New Delhi, Feb 13 (IANS) The ongoing debate on the purchase of 36 Rafale aircraft has implications beyond the political slugfest between the Congress and BJP.
A much bigger collateral damage has been security of the country as long decision-making process in defence procurement is bound to get longer as most in bureaucracy and military will be unwilling to stick their neck out. This will mean critical procurements such as submarines, fighter aircraft, armoured vehicles and helicopters will get further delayed.
Also, there is damage to India’s reputation as a reliable ‘buyer’, honouring its contractual commitments, with Rahul Gandhi openly threatening to send the Prime Minister to jail if the Congress is elected in the next elections and also issuing not-so-veiled threats to the officials.
The third casualty is the relationship with France, a country which has stood by India even during the most difficult times, including post-Pokhran when we were placed under sanctions by the US and most European nations.
It is important to analyse if this is a mere erosion in the political dialogue content between a desperate Rahul Gandhi, who aspires to be the next prime minister and the incumbent prime minister.
Clearly, the way the Rafale controversy has remained in the limelight through a well-orchestrated plan, deft media management and selective leaks is an indication that there are professionals at work.
The main player obviously is the US, still seething from the rejection of both its frontline fighter aircraft F16 and F18 — in the medium multi-role combat aircraft (MMRCA) competition. The relationship between President Donald Trump and French President Emmanuel Macron is far from cordial. The US will be happy to see France losing out in the Indian market and thereby weakening the French economy and its military might.
At the global corporate level, both Lockheed Martin and Boeing have a big clout with the Administration and they want the US government to do everything possible to curtail chances of Dassault for future fighter competition for the Indian Air Force and Navy. Particularly, for Boeing with F18 getting phased out, if there are no new orders from India, it will be without a fighter aircraft in its portfolio. Even the US government will want Boeing fighter line alive so as to not allow a monopoly to Lockheed Martin.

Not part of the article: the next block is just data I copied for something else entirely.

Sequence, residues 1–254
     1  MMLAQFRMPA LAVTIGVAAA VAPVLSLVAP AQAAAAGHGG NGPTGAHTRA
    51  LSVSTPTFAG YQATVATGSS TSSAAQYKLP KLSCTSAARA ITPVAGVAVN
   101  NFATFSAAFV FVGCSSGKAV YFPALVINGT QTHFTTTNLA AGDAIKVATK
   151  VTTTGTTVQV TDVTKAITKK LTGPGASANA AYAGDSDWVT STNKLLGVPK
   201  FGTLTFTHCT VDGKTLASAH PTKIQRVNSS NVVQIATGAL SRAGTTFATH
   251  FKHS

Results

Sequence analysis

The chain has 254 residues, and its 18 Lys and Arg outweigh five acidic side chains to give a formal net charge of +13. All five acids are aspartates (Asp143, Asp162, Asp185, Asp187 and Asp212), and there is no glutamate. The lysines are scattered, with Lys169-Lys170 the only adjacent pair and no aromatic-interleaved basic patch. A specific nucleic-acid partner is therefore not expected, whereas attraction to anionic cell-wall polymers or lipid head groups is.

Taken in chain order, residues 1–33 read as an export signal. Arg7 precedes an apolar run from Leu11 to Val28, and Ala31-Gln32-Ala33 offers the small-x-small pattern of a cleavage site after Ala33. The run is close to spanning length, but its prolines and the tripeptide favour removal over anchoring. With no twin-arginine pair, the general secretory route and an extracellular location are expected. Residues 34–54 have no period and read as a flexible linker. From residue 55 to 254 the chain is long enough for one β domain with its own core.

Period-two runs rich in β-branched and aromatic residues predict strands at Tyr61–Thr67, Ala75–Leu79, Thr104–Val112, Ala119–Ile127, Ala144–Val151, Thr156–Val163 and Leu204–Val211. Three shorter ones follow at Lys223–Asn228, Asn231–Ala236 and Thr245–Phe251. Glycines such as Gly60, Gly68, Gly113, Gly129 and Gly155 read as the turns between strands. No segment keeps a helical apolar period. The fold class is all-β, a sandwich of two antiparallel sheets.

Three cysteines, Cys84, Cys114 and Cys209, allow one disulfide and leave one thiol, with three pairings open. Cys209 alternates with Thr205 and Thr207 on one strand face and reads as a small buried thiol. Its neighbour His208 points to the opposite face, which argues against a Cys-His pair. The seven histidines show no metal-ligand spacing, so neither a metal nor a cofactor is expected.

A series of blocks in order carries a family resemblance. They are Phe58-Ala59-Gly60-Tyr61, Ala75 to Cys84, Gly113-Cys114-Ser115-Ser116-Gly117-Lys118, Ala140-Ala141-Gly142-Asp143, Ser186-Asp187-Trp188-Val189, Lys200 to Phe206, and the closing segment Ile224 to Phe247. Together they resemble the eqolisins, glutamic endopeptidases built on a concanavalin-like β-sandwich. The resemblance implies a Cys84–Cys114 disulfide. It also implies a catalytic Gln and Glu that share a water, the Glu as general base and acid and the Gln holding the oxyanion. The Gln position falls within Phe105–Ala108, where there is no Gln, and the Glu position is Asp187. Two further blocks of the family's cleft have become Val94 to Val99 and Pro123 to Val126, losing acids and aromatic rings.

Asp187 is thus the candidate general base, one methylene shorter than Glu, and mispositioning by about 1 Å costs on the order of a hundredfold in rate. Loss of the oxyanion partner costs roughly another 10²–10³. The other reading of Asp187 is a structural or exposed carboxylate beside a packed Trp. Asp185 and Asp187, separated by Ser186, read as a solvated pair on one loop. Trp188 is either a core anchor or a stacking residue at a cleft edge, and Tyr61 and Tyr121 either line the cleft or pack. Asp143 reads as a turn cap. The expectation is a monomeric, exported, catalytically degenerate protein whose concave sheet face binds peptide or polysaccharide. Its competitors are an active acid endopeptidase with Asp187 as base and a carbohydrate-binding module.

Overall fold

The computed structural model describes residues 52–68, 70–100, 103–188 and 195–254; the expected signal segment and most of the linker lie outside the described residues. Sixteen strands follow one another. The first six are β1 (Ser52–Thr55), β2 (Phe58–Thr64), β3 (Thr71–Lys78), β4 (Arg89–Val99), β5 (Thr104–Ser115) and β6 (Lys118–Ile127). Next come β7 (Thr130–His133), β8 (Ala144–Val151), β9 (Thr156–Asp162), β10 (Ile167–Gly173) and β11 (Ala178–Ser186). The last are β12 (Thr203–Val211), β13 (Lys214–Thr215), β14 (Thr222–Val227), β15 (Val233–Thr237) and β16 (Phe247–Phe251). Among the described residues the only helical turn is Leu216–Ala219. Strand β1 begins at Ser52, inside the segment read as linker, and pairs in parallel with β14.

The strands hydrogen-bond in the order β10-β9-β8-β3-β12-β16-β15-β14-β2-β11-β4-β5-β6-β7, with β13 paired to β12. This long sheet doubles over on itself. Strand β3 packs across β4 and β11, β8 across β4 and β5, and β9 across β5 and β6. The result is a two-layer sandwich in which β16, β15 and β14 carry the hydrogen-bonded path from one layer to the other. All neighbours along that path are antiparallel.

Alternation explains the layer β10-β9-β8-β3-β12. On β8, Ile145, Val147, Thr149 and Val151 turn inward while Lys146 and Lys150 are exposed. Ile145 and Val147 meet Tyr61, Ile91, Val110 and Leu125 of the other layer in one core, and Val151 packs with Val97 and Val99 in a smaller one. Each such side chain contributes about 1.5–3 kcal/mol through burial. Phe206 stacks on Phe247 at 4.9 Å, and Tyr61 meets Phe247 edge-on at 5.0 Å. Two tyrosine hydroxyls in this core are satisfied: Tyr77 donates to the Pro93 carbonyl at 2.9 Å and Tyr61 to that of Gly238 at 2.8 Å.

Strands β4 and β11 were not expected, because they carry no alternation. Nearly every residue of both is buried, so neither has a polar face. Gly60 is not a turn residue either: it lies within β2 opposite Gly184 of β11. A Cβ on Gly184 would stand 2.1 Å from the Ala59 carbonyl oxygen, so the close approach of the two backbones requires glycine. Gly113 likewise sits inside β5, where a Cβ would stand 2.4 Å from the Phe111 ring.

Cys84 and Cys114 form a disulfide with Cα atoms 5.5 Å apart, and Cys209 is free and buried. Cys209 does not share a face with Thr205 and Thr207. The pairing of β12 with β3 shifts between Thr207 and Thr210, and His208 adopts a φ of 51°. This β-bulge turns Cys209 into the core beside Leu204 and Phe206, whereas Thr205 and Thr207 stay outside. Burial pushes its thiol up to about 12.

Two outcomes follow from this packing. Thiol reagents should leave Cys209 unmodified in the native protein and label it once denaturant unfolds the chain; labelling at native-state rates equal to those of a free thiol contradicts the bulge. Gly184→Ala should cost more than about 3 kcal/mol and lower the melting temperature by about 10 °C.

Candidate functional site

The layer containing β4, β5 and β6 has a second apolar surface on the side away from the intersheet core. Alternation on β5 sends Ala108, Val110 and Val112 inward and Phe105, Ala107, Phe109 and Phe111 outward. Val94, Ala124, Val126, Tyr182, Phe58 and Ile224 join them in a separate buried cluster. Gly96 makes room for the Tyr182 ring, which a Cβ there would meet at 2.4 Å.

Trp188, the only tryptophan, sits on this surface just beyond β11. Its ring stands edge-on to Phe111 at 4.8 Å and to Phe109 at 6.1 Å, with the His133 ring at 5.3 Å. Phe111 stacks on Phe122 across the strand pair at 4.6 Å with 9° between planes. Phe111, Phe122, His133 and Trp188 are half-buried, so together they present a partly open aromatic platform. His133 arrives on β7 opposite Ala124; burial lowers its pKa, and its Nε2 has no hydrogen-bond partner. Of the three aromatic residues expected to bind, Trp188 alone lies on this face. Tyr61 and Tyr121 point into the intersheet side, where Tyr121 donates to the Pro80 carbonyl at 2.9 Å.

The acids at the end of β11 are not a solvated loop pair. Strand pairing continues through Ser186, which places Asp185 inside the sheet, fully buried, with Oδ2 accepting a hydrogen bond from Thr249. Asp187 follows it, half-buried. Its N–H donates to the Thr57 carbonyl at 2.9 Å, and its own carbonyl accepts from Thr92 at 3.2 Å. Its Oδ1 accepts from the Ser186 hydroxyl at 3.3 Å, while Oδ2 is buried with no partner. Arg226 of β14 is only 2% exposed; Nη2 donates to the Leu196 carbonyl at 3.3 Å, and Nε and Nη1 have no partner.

Equally important, one cannot overlook the corporate rivalry angle in India. Tata is aligned with Lockheed Martin, Boeing is working with Tata and Mahindra besides HAL. Both Tata and Mahindra will benefit from the selection of a US aircraft. Even Adani, the new entrant in the defence sector, with a tie-up with SAAB for Gripen has US industry as a major beneficiary, with nearly 50 per cent US content. Thus for Tata, Mahindra and Adani, it is a joint fight against Reliance partnering with Dassault.
Airbus is another player behind the scenes. Airbus is under investigation for multiple deals in India both military and civil — during the earlier UPA regime. That Airbus has close proximity to the Congress party through Deepak Talwar, Sanjay Bhandari and Robert Vadara is well known. Not many are aware that Airbus is a big stakeholder in Eurofighter which lost out in the MMRCA competition to Dassault.
In Eurofighter, Airbus share holding is 46 per cent, whereas Leonardo holds 21 per cent and BAE Systems the remaining 33 per cent stake. Therefore, the selective leak of internal email from Airbus is not a mere coincidence.
Eurofighter was willing to go to any extent to get the Rafale deal cancelled. So much so that hours before the Cabinet Committee on Security (CCS) approved the deal for 36 Rafale jets, Congress Member of Parliament Milind Deora and Deepak Parekh, Chairman of BAE India, along with a very senior BAE official met the then President Pranab Mukherjee, asking him to intervene. Pranab Mukherjee, an ex-Defence Minister himself, chose the wiser path by not allowing the office of the President to become a battle ground for corporate war.
This will be a big challenge for the new government in the next four months. To restore India’s position as a strategic partner and responsible buyer, while keeping the national security requirements well removed from politicking.
Only time will tell if we can reclaim the lost advantage!